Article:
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Thank you to those who served

Today, let us remember those who gave their lives in defense of our country so that we may spend today with our families enjoying sports and other activities together. Happy Memorial Day from CoachDeck.

The New Form of Specialization: The Multi-Sport Athlete

By Tony Earp

There has been a lot of research and articles about the dangers of kids specializing in sports too early in hopes for a future career in the sport or scholarship opportunities down the road. Outside of physical and mental burnout, risk of more injuries, and the “fun” being removed from the game, many players deal with pressure from adults to excel on the playing field. The game becomes more about the adults than it does about what is best for the kids. The good news is that it seems parents are taking note and kids are doing other sports or activities throughout the year. The problem is that it seems an important step was skipped. Now instead of doing just one sport, kids are “specializing” in multiple sports. In other words, we forgot to take anything away, and we just keep adding on to the problem.

The idea is correct. It is important for players to play and experience different sports and activities as they grow up. Outside of developing better athletes, it helps prevent overuse injuries and creates well-rounded individuals with a more diverse youth sports experience.

The move away from early specialization and its benefits relies a child playing multiple sports or activities, but not necessarily multiple at the same time. This is the detail that was overlooked by some and now kids are not specializing in just one sport, but are specializing in many sports. In some cases, the situation has gone from one extreme to the other.

With this comes a new kind of burnout and over-scheduled kids who are training 4 plus hours a night in multiple sports. They run from basketball practice to soccer practice, or lacrosse practice to baseball practice, or track to volleyball. Parents do their best to try to manage the schedules and avoid overlap as much as possible so the kid can avoid missing a game or practice for both sports.

The demands of one practice, workload, intensity, what is physically or mentally targeted, is not at all coordinated with the other practices and game schedules. One practice may be a walk through before a game or recover day after a game, and the other practice could be a physically intense session with a lot of fitness oriented activities. In this case, both coaches, are trying to do what is best for their players, but since it is two separate sports with two different schedules, one practice can be very counter productive to the other. In short, it is much harder, and almost impossible, to manage the player’s mental and physical well being due to their being no collaboration between the coaches and sports.

This is not the coach’s fault as most run their teams and seasons in relation to just that season and team. It would be a tall order for coaches to manage their teams and players based on everyone’s extra sports or activities. It falls on the responsibility of the parents and the players to manage their schedules to make sure there is a good balance between both sports and life outside of sports.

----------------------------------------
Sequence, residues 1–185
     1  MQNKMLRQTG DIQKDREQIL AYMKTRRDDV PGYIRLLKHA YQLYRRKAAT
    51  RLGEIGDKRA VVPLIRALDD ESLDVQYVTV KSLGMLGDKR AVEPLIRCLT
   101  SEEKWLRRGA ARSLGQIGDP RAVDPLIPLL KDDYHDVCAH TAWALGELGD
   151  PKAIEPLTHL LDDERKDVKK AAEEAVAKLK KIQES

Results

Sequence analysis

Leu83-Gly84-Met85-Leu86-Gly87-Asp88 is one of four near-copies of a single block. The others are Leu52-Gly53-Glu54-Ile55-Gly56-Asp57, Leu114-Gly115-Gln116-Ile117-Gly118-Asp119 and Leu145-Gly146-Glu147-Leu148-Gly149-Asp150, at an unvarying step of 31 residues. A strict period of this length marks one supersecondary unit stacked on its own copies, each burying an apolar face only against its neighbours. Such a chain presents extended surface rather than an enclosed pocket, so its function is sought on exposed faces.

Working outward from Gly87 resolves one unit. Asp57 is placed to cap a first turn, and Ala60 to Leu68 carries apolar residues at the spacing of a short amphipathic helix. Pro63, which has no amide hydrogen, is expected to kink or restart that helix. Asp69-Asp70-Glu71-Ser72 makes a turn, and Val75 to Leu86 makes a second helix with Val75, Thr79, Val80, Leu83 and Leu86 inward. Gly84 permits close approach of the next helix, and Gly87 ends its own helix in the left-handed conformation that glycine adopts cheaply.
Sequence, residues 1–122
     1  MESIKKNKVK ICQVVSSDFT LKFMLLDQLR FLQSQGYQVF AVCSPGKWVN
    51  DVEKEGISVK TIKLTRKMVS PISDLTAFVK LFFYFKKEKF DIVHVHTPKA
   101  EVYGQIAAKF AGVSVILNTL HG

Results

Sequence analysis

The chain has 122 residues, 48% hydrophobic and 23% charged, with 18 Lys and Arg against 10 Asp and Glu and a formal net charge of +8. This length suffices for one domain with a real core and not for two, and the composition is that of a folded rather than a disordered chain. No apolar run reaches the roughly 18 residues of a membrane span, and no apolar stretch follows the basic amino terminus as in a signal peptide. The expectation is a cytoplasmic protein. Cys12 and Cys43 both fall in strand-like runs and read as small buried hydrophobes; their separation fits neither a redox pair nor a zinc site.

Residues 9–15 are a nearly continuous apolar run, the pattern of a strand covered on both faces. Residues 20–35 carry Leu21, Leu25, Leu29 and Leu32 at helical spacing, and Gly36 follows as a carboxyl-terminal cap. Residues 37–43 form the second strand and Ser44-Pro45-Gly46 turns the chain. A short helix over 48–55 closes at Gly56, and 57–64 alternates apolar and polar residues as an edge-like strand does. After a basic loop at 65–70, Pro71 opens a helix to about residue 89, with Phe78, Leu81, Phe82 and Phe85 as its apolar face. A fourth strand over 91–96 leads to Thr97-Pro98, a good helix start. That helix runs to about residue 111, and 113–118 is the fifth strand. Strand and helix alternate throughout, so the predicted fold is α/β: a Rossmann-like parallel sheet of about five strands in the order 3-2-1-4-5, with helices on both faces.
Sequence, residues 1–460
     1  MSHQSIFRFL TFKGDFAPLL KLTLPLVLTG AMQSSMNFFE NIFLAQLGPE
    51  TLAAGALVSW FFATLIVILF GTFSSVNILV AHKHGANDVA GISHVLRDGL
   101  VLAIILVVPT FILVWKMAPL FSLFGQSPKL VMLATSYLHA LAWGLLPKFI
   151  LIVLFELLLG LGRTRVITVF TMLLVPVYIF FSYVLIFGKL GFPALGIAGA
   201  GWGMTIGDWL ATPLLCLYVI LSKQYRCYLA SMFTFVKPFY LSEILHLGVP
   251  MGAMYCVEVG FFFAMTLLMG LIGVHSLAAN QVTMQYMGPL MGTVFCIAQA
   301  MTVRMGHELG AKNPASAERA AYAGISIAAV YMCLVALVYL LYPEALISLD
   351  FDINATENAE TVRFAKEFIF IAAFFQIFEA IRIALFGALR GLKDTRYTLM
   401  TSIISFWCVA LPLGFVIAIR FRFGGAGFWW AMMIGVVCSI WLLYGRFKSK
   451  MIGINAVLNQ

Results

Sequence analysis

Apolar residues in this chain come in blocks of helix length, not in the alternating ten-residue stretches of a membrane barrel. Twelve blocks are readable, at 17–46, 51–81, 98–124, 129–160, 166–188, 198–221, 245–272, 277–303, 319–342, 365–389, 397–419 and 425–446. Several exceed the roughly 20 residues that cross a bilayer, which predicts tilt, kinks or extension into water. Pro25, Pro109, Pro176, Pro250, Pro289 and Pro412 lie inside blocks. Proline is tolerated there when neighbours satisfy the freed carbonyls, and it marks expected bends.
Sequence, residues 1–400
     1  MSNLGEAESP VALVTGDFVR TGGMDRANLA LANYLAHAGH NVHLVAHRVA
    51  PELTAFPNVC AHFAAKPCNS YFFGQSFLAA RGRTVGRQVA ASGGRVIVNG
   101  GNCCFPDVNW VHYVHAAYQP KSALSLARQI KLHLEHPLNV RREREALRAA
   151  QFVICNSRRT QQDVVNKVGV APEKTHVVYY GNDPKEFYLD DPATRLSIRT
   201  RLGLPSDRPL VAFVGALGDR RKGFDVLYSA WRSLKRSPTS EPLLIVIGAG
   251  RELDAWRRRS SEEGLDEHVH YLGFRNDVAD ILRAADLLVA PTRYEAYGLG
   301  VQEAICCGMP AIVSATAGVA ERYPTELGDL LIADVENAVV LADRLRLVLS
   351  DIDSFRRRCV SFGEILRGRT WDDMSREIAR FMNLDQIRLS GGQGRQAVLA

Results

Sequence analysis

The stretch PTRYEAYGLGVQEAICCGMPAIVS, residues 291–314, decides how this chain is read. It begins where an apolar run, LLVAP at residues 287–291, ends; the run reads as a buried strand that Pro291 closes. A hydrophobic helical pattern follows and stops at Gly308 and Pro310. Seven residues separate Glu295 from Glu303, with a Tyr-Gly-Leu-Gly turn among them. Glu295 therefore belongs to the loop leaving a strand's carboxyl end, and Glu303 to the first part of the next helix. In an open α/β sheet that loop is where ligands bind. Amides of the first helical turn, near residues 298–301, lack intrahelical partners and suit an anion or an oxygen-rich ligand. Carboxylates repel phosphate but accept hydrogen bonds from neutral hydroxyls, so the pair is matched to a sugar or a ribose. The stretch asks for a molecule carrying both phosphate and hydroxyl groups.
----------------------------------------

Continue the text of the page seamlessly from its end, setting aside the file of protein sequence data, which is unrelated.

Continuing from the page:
Some players who do this are not playing sports on two “competitive” teams, but instead, are playing with one competitive or travel team while the other team is more recreational. Obviously the demands of recreational sports and competitive sports is often very different, but when combined can still create a situation where a child is over-scheduled and not getting the proper rest throughout the week in relation to one sport or the others.

The other issue arises when the athlete is very good at both sports. Often, it can become inappropriate for a player to play at the recreational level of a sport because of their level of play. It can lead to a negative experience for the player, his teammates, and other teams in the league if a player has clearly outgrown this level of play. The player can be seen as a “ringer” and does not belong due to running up high scores or clearly dominating even the next strongest players.

If a player is good and loves to play multiple sports, and they overlap in seasons, then what do we expect the parent or player to do? Pick? This could be an impossible decision for both. Playing at the recreational level at any of the sports is not fun for the player or really that appropriate, and playing competitively at both sports is not appropriate for the physical and mental health of the athlete. It becomes a very tough decision, so it is understandable for the player to try to do both even though it could be too much.

To help with this problem, sports need to offer competitive options that are not yearly or multiple season commitments. This would give players more options to play and train at a level that is appropriate for them, while not having to stack the same sports in the same season. Coaches and programs would need to allow flexibility for kids to play just for a single season or not train in the “off-season” without it being seen as a lack of commitment or dedication to their sport or a lack of drive to improve.

Instead, it would be supporting the multi-sport platform and the benefits that come with it that have been well documented. There will still be players who just participate in a single sport and train more than others, but that does not mean that those players will necessarily have an advantage over the kids who do not train year round. But, it also could mean that they do, but that is ok, because that is how it goes sometimes.